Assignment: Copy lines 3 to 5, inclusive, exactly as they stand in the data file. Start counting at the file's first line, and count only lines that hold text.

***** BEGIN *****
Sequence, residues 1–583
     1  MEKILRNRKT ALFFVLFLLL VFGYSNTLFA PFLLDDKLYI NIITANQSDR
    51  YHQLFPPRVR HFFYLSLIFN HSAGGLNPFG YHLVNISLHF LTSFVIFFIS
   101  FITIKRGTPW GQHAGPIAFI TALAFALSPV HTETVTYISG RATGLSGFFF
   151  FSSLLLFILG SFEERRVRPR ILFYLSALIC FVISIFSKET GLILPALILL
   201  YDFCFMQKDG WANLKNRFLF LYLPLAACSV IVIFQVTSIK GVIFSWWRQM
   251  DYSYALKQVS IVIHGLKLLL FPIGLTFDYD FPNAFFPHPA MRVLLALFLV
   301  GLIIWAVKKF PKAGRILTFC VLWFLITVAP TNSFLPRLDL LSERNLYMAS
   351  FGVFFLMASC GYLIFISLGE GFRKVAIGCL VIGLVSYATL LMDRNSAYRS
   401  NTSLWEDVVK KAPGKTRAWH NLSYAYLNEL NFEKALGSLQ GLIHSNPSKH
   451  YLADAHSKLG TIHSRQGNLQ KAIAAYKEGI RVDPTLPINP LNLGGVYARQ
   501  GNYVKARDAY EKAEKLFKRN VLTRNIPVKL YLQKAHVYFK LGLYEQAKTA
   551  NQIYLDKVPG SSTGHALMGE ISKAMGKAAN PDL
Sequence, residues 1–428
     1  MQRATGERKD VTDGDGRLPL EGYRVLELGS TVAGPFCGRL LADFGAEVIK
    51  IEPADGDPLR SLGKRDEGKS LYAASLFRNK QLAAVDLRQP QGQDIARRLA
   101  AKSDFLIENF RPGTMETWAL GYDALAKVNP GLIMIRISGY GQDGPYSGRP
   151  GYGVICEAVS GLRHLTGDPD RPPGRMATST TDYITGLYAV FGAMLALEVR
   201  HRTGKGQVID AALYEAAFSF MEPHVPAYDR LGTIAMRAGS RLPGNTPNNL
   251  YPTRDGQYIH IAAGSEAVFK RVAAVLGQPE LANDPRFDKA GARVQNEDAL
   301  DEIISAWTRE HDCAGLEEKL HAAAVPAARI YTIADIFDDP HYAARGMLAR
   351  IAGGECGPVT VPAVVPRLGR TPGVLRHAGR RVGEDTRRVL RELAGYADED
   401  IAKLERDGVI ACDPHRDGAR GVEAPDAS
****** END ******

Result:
    51  YHQLFPPRVR HFFYLSLIFN HSAGGLNPFG YHLVNISLHF LTSFVIFFIS
   101  FITIKRGTPW GQHAGPIAFI TALAFALSPV HTETVTYISG RATGLSGFFF
   151  FSSLLLFILG SFEERRVRPR ILFYLSALIC FVISIFSKET GLILPALILL